College coaches are notorious for working all the time.
Even during the offseason. There's recruiting, scouting and scheduling. But the pandemic has taken much of that away, or at least dramatically changed how those tasks are done.
Illinois State University men's basketball coach Dan Muller is preparing for his 20th season as a college basketball coach and his ninth at ISU. He said he's never been bored until now as he, like millions of others, shelters in place.
“It is a little boring sometimes, I’m not going to lie,” Muller quipped. “Like a lot of people, I think being at home was great and it was really nice for a long time, but now I’m getting a little antsy.”
Muller said while he typically spends part of the offseason working on projects around the house, he’s already ticked nearly everything off the list.
Muller said he still trying to find ways to make the most of the down time -- for him and his players in the midst of an offseason unlike any other.
“For me, it’s about not wasting days and just watching TV,” Muller said. “How can you get better right? Staying in shape and doing things that can help you grow, reading. It’s just making sure you have the discipline to do those things because those are the things we are asking our players to do.”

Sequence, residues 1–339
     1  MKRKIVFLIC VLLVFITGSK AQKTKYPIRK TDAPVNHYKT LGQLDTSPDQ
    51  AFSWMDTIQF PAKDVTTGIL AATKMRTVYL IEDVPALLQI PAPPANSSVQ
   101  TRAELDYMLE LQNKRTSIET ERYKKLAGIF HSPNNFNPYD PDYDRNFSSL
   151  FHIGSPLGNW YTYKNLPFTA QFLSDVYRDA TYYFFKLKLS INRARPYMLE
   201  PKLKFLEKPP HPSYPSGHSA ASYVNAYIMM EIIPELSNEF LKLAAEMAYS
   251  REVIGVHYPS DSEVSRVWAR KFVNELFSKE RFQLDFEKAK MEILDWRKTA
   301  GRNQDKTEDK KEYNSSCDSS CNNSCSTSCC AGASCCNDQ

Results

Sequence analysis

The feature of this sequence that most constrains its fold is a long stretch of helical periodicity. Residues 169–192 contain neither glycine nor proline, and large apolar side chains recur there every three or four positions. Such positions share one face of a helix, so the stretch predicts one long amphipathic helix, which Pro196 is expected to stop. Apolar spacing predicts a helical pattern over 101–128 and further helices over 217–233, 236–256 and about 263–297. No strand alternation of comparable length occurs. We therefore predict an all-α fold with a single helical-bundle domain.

Muller noted some of his players have gained a head start on training for next season. They are the ones living in states that already have partially reopened like Florida, Tennessee, North Carolina and Georgia.
The pandemic also has changed how college coaches recruit and evaluate talent during the offseason.
Muller said not being able to see high school and junior college prospects perform at basketball camps, or even meet them in person, creates a lot guesswork for coaches.
“We did a lot of Zoom official visits for some other kids after the quarantine began, but we missed out on finding, evaluating and seeing kids live in April,” said Muller, who has stayed engaged with Redbird fans during the pandemic via weekly ISU Athletics video chats he has with former ISU players.
He said that will likely impact what ISU’s incoming 2021-22 freshman class may look like.
Muller said schools being closed also will likely complicate the decision for many recruits regarding which schools they will consider attending since the on-campus visit is typically part of that decision process.
“I do think kids will make decisions later than they have in the past because the opportunities I think will grow as time goes on, but also the evaluation and relationship building,” he said.
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